Alderman Russell W. Stamper, II, chair of the Council’s Community and Economic Development Committee and the primary sponsor of the ordinance, said the measure will help put Milwaukee residents to work in a substantive way.
“Economic opportunities are elusive for residents in too many neighborhoods across Milwaukee, and I am confident the ordinance approved today will benefit those who most need those opportunities and who live in the most hard-hit ZIP codes in our city,” said Alderman Stamper, who serves as chair of the Workforce Organizational Reform Committee (WORC) that has spent months retooling the ordinance prior to its adoption today.
Alderman Stamper said the ordinance bolsters the Residents Preference Program (RPP) to hold the city accountable to achieve the goals of its various workforce development and economic participation initiatives (RPP, SBE-Small Business Enterprise, LBE-Local Business Enterprise). “The bottom line is the re-worked ordinance will also significantly boost the opportunity for disadvantaged residents to learn valuable skills while working as an apprentice or as a trainee – something that wasn’t offered under our original RPP program,” he said.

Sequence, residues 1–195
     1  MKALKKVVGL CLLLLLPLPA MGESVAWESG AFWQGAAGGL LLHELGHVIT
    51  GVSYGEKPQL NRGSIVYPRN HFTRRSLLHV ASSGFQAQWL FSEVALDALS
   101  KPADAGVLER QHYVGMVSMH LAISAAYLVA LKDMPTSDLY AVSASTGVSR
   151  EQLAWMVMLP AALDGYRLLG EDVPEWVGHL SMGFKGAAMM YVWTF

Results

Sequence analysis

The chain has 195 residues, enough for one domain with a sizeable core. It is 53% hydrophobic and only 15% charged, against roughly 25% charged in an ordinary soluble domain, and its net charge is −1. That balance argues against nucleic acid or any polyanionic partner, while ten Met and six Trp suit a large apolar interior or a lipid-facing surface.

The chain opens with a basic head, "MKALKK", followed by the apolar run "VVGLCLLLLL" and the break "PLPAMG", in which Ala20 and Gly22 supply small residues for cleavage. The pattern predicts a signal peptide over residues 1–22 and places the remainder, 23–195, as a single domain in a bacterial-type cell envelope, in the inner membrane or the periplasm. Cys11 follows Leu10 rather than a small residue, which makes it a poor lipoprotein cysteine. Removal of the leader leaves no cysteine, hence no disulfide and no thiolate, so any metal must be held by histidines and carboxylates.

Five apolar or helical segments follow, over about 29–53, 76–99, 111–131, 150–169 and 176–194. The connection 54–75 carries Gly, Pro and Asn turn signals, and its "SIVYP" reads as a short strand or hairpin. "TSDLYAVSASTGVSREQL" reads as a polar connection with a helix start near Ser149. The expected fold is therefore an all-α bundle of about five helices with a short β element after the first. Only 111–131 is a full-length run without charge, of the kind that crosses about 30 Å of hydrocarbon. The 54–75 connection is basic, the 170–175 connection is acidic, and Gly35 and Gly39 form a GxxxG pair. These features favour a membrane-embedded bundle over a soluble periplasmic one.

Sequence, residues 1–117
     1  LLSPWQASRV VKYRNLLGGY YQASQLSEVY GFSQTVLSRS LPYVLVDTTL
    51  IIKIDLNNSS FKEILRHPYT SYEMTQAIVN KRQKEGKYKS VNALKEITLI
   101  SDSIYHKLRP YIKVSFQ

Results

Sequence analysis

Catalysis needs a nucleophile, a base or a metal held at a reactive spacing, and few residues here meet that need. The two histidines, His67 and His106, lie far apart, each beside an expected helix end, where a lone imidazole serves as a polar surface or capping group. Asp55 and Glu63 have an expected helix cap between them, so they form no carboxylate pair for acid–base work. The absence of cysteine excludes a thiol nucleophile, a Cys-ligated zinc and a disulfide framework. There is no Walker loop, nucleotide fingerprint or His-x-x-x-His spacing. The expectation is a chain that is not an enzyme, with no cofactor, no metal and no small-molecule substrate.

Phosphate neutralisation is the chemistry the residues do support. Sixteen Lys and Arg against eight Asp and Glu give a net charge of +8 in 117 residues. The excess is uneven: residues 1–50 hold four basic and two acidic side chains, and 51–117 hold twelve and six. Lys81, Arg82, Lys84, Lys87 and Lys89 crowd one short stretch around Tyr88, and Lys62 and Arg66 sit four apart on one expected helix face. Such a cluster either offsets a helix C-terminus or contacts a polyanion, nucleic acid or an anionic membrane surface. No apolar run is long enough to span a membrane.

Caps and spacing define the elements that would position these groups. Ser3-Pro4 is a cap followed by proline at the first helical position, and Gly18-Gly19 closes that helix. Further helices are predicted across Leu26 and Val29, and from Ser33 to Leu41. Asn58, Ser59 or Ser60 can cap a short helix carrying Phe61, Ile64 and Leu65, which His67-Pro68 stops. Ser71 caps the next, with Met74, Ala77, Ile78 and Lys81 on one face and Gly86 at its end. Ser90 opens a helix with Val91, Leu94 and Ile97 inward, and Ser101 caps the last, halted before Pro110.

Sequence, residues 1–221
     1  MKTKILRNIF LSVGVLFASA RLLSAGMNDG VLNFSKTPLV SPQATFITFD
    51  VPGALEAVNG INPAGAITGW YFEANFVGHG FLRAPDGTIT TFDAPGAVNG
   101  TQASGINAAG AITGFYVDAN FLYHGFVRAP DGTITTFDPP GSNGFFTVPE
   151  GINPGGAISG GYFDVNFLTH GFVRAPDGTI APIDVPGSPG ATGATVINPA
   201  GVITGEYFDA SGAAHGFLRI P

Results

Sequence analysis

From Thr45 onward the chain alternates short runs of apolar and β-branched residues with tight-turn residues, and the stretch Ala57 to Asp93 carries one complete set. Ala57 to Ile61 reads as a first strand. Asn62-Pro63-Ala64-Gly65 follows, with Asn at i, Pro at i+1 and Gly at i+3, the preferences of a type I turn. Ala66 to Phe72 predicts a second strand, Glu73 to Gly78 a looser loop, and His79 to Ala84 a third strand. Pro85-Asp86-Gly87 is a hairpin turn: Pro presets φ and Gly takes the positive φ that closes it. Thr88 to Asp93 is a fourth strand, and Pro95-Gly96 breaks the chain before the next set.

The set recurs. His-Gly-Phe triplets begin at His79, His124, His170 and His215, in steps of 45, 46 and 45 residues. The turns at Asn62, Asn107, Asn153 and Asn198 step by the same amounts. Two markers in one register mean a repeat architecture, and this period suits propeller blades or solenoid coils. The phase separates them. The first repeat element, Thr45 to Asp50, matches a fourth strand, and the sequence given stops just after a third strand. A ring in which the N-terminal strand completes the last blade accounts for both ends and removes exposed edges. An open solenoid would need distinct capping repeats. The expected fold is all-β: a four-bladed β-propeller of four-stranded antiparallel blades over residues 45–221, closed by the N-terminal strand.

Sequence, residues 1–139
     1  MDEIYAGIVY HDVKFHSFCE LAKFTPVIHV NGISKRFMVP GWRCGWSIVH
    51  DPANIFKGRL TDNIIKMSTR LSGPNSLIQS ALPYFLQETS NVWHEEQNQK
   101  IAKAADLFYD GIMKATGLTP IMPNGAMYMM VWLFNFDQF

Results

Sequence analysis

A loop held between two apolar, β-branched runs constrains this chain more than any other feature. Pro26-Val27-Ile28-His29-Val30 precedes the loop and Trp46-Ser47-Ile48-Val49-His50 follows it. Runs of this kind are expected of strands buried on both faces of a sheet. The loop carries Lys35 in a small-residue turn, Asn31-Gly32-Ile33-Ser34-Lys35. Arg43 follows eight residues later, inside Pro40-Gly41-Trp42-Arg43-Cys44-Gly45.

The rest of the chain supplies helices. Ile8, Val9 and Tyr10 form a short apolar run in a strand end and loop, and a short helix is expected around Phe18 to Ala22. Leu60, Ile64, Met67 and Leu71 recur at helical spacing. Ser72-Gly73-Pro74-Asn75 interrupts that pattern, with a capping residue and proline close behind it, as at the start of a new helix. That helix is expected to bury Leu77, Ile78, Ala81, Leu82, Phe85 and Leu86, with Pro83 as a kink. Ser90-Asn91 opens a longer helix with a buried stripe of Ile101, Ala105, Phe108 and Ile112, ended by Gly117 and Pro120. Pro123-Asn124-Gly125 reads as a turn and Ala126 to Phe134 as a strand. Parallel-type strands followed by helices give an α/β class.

The ordinance includes the following significant changes to the city’s workforce development and economic participation initiatives:
- The 5-year qualification period for RPP workers is removed and the amount of time a person needs to be unemployed to qualify for the RPP program is shortened. These changes make it easier for residents to 1) become RPP qualified and 2) remain RPP qualified.
- Developers and contractors are required to hire one-quarter of RPP workers from the impoverished areas of the City of Milwaukee and are required to hire a certain percentage of apprentices or on-the-job trainees.
- Incentives are created to promote the use of RPP workers, SBEs and LBEs by contractors and developers. These incentives include: 1) An additional award standard for LBEs who are also SBEs. 2) Credits awarded for exceeding the required percentage of workers hired from impoverished areas or hired as apprentices/on-the-job trainees.
- Contractors or developers unable to meet the requirements of the RPP program are
allowed to hire unemployed or underemployed residents to work on projects in Kenosha, Ozaukee, Racine, Walworth, Washington, and Waukesha Counties, provided those residents began their employment on projects in the city.
- The creation of an RPP Review Commission for review of RPP compliance, performance and other program matters.
The WORC held five meetings on the ordinance, including two dedicated solely to input
from developers, contractors, compliance monitors, trades, unions, RPP workers, and other training and community agencies.
Alderman Stamper again offered his thanks to, and praised the dedication and service of the WORC’s members: Dan Thomas (Department of Public Works), Lori Lutzka (Department of City Development), Nikki Purvis (Office of Small Business Development), and Ronald Roberts (Department of Neighborhood Services).